Something I need to interject here is that when people pass away in the hospital they don’t always instantly get taken to the morgue or the funeral home doesn’t always come pick them up right away. They can stay in the room for up to five or six hours depending on how busy security is. The good thing about this is that the nurse(s) have time to do post-mortem care which can include anything from just pulling tubes and lines and IV’s from the patient to full on baths and grooming. Sadly, most nurses don’t have time to do the full on care and most nurse aides don’t either. Me? I always make time. As a nurse it’s the last act as that patients nurse I can do in their healthcare. It’s dignity. It’s a right, deceased or not.
Ok so I was always the go-to for post-mortem care. Understandably a lot of nurses don’t enjoy that part of their job and I don’t necessarily enjoy it either but there is a closure there and since I had been the one to be with Mrs. S when she passed it only seemed natural for me to complete her care with us on our nursing floor.
Nurse P came and asked and I gave my all. She took my patients over and I began. I washed Mrs. S head to toe. Combed her hair, put on a fresh gown, changed her sheets, folded her hands and so on. By the time I was finished it looked like she was merely sleeping. If only.
Her nurse aid was gathering her belongings and started to throw her hairbrush into a bag. I stopped her and took a few strands.
“What are you doing,” she asked me.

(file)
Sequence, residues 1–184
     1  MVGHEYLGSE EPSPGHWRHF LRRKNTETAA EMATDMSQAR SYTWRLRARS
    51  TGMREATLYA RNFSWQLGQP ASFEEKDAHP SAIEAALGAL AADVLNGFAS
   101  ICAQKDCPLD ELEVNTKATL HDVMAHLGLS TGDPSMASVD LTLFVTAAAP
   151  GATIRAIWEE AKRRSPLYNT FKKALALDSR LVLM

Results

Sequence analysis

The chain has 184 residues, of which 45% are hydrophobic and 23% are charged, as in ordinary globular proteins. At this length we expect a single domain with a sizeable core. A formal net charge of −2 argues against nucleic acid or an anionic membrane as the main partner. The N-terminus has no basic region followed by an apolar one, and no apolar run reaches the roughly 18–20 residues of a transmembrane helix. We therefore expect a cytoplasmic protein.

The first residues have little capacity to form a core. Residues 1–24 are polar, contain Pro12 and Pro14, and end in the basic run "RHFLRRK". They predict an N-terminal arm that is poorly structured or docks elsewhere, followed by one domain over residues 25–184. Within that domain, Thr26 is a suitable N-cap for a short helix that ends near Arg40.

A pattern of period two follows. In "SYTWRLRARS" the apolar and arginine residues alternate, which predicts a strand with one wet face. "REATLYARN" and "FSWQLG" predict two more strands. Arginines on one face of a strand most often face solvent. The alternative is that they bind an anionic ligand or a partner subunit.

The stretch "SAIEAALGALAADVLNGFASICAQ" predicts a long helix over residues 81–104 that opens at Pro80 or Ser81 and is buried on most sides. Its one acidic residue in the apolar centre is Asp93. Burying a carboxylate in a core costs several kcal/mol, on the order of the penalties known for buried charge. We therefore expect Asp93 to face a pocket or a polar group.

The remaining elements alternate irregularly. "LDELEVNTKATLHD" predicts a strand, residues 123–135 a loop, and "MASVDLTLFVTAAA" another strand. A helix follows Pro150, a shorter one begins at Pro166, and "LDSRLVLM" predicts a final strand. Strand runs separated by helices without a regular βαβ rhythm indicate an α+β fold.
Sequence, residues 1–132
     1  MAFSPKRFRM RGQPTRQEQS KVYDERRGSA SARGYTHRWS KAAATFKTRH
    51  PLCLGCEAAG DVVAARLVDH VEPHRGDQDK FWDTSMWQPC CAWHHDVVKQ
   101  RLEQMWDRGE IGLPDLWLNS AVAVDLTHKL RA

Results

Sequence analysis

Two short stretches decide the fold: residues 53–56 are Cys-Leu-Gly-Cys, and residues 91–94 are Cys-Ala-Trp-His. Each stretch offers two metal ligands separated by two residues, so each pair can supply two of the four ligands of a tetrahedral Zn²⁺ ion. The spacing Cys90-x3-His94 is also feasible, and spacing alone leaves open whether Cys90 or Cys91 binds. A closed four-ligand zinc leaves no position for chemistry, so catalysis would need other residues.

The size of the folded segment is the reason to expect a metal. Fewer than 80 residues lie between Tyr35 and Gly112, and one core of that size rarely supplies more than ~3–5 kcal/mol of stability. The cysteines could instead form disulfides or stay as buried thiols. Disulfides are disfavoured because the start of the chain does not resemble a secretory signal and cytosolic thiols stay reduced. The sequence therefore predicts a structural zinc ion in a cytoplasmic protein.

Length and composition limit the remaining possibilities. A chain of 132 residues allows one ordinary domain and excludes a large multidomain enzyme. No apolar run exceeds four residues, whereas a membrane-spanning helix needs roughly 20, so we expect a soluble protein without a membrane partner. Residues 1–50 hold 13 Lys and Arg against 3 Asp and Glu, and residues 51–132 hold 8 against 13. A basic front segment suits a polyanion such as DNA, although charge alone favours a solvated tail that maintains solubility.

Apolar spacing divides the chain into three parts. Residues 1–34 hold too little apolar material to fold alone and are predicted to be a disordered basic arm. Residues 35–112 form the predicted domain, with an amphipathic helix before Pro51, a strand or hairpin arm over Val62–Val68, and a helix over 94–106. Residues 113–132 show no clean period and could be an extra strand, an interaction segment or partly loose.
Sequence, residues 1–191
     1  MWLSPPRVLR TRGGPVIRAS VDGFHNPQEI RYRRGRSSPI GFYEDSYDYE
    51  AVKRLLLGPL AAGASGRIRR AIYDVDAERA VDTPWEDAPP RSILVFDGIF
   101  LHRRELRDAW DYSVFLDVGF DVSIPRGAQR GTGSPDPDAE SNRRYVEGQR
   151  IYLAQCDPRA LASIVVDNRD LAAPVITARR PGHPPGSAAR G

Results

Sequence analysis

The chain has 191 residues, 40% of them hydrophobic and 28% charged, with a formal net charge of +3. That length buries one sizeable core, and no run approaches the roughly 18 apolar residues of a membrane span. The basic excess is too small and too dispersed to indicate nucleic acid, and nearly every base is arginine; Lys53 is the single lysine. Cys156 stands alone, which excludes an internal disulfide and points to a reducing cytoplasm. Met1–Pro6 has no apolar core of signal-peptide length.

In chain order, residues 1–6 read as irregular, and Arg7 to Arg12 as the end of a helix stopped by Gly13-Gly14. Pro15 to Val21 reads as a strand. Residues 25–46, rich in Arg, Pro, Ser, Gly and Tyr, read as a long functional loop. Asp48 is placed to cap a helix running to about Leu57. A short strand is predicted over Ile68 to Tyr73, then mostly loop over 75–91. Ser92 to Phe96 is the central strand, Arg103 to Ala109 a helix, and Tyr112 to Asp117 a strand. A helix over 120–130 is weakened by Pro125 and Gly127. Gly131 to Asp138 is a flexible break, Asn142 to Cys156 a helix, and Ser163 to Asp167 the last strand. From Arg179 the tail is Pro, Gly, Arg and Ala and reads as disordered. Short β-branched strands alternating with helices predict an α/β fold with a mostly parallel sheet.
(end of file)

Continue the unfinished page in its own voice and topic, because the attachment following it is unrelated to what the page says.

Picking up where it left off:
“I overheard her daughter say she would like to keep a lock of hair for a scrapbook so I’m saving some.”
Security came and we started to move her into the body bag. I made sure to put a pillow under her head and a sheet over her. (I have to say that the morgue had called many times in the past to enquire who kept sending patients down with pillows and blankets. Me.)
I said goodbye. I cried. Not at work but once I got home. I think a lot of nurses do that. We cry for the losses we experience. We cry because part of us thinks we could’ve done something else to save our patients. We cry because we appreciate the fact that life is fragile. A lot of cry because we know it could be our loved one any day or it reminds us of those we’ve lost in our lives as well. Make no mistake though, we cry.
Compassion. That’s what Mrs. S deserved. Compassion even though she wasn’t alive anymore to appreciate it. She didn’t know the care I gave her existed after her death. She probably wasn’t aware of it as I was pushing relentlessly on her chest. I knew though. So did her daughter when she looked into my eyes. I saw the gratitude and felt it. Her daughter saw and felt the compassion in me. I know this.
I will never forget her. She still holds a place in my heart to this day like so many other patients. It’s amazing how so many people can fit in my heart but Mrs. S? She reminds me everyday what compassion is really about. The only thing I can do is to remember her and what she represented and that was caring and love and compassion.
Thank you friend. Rest in peace.